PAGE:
However, it has been allegations of him as abuser that have hit the
headlines. The most notorious were the sex abuse allegations
brought by 13-year-old Jordie Chandler, to whom Jackson reportedly
paid $20m (£14m) in a pre-court settlement.
Indeed, prominent music industry figures have been linked to child
abuse and child pornography. Tam Paton, manager of the Bay City
Rollers, the boy band of the 1970s, was jailed in 1982 after being
convicted of sex offences against young boys. The group’s drummer,
Derek Longmuir, was convicted in 2000 of possessing child
pornography. And the man who “discovered” the Bay City Rollers,
Jonathan King, is serving a seven-year prison sentence for child
sex offences. Gary Glitter has also served two months for
possessing child pornography.
But as long as records are sold and the profits tumble in, the
marketing of child pop stars seemingly faces fewer
In 1999, American Christina Aguilera charted at number one with her
highly suggestive song Genie in a Bottle. She was 16 at
the time. A 17-year-old Britney Spears was photographed draped on a
bed in a school uniform for the cover of Rolling Stone
magazine. And 16-year-old Charlotte Church has altered her choir
girl image with more provocative clothing – and being awarded “rear
of the year”.
“I just think that because I’m 16 I’m allowed to get awards like
this now – when I was 15 it would have been seen as sick,” she told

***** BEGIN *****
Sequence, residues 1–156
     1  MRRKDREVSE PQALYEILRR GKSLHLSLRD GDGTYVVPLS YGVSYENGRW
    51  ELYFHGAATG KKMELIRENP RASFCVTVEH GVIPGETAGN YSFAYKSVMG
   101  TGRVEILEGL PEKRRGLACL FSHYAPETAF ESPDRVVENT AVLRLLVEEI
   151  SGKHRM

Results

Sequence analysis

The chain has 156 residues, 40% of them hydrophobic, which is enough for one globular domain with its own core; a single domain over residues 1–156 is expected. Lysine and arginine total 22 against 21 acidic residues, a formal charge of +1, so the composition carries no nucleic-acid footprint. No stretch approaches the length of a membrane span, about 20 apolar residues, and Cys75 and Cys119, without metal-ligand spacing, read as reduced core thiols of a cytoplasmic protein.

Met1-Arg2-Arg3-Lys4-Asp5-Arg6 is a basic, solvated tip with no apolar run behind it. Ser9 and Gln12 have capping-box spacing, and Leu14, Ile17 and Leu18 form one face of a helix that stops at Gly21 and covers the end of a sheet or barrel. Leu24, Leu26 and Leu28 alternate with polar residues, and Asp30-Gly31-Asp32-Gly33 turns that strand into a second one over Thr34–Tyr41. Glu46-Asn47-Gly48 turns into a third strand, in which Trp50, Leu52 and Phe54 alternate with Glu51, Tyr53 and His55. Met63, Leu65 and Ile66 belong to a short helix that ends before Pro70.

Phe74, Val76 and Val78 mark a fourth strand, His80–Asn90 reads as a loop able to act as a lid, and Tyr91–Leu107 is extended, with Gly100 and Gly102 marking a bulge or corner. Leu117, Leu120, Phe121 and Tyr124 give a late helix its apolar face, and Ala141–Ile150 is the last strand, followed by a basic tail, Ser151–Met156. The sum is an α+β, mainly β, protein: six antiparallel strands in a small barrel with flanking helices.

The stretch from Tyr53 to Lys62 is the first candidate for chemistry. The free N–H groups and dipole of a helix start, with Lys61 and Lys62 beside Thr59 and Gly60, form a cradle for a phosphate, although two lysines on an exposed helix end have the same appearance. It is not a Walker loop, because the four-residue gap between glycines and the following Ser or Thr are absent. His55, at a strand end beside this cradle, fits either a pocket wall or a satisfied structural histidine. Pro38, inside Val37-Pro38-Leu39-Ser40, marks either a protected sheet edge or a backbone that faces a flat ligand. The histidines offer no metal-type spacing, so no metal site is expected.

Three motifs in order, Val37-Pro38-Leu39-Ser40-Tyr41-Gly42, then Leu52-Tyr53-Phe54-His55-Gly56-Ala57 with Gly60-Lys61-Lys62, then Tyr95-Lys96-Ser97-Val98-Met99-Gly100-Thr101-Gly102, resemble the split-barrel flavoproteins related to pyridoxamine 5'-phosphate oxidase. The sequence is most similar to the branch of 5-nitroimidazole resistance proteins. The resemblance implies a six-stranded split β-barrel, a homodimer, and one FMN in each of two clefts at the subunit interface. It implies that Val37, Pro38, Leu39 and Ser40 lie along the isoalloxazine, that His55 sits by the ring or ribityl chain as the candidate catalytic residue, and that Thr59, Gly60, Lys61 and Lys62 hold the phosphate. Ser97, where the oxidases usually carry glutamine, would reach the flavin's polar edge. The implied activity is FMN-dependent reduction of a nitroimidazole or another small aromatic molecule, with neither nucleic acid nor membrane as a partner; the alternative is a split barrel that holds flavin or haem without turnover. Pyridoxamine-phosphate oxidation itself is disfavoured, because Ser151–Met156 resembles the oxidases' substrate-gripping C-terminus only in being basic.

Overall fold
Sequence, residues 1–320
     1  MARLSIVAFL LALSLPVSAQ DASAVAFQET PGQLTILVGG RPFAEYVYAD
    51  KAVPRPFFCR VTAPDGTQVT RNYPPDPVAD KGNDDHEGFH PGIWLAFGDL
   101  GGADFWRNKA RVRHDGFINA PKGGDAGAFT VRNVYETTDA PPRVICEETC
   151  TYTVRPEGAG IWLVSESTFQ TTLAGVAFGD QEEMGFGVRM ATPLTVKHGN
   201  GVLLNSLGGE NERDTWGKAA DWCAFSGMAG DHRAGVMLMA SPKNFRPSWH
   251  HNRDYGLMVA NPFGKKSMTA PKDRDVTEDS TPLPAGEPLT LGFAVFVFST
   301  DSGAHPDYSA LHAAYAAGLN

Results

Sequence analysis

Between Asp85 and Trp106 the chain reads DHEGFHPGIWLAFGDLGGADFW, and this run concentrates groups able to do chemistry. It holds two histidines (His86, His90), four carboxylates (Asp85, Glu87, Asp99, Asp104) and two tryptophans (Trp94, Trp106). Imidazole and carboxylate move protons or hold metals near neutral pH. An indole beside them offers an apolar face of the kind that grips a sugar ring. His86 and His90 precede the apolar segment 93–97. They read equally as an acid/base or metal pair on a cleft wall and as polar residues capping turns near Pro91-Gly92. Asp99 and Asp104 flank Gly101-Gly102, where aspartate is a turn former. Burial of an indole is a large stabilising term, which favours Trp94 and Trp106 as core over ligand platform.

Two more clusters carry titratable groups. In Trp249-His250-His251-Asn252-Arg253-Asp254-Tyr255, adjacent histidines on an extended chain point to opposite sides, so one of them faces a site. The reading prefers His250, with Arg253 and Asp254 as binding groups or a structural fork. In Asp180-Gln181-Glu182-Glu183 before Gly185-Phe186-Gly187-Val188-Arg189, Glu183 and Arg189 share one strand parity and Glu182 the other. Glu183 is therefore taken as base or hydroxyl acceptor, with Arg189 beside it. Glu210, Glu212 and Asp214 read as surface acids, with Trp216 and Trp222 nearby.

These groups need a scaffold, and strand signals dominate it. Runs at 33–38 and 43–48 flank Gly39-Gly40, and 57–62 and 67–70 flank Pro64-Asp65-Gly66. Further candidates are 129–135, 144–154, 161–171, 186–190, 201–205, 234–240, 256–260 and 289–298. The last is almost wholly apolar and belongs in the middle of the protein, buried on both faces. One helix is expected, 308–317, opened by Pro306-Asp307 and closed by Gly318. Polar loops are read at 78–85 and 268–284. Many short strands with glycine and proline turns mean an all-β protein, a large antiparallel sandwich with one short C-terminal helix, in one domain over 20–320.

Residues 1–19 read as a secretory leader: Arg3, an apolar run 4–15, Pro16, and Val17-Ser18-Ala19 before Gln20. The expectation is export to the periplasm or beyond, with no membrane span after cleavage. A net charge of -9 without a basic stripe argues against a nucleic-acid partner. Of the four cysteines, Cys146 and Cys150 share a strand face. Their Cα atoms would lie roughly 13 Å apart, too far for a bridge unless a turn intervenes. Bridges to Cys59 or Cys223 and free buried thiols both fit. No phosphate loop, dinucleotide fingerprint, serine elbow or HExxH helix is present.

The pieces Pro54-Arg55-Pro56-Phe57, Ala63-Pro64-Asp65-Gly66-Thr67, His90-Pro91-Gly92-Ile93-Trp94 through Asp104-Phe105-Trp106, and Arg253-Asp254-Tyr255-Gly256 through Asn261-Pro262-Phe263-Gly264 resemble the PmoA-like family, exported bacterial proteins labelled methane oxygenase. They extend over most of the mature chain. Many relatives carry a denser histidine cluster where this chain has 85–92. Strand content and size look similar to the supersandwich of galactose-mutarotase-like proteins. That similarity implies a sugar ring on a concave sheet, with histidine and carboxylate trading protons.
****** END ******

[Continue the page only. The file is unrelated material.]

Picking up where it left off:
Last month Russian teenagers Lena Katina and Julia Volkova of the
pop act Tatu (pronounced “tattoo”) debuted at number one with their
single, All The Things She Said. They have been promoted
with a splash of lesbianism by their manager Ivan Shapovalov who
describes Tatu as an “underage sex project”. This saw daytime
television hosts Richard and Judy protesting about “paedophile
pop”, but sales, ever the barometer, continued to soar.
As they have for R&B singer R Kelly despite being charged under
child pornography laws in the US. Last month, his seventh album,
Chocolate Factory, went straight to number one. Police are
in possession of a videotape that allegedly has Kelly and an
underage girl engaged in various sex acts. With Kelly awaiting
trial, at least three lawsuits have been filed by young women who
say they were similarly exploited by him while minors. Kelly, who
has maintained his innocence, has settled two of the suits.
Neither did the scandal convince Epic Records to think again about
the release of a song written and produced by Kelly – Bump,
Bump, Bump – for boy-teen band B2K. The money men were truly
vindicated with another chart-topper. “A hit record is a hit
record,” as a company source said.
The life of Australian singer Debra Byrne, who started her career
as a 12-year-old performer, also took a dive after her rise to
stardom. She reportedly tried to commit suicide at 13 and later
suffered problems with alcohol and heroin.
But it’s all about churning out the hits. It’s not enough that S
Club Juniors have TV, video and recording commitments. These
lollipop idols need to tour. They are, according to their website,
“currently hard at work gearing up for the mega S Club United tour”
and “practising like ker-azee”. An aide says Fuller “believes that,
to these kids, performing in front of people on stage is no
different from being in front of a school assembly”. The group
first performed together in 2002 at Manchester’s MEN Arena in front
of 12,000 fans. Some assembly.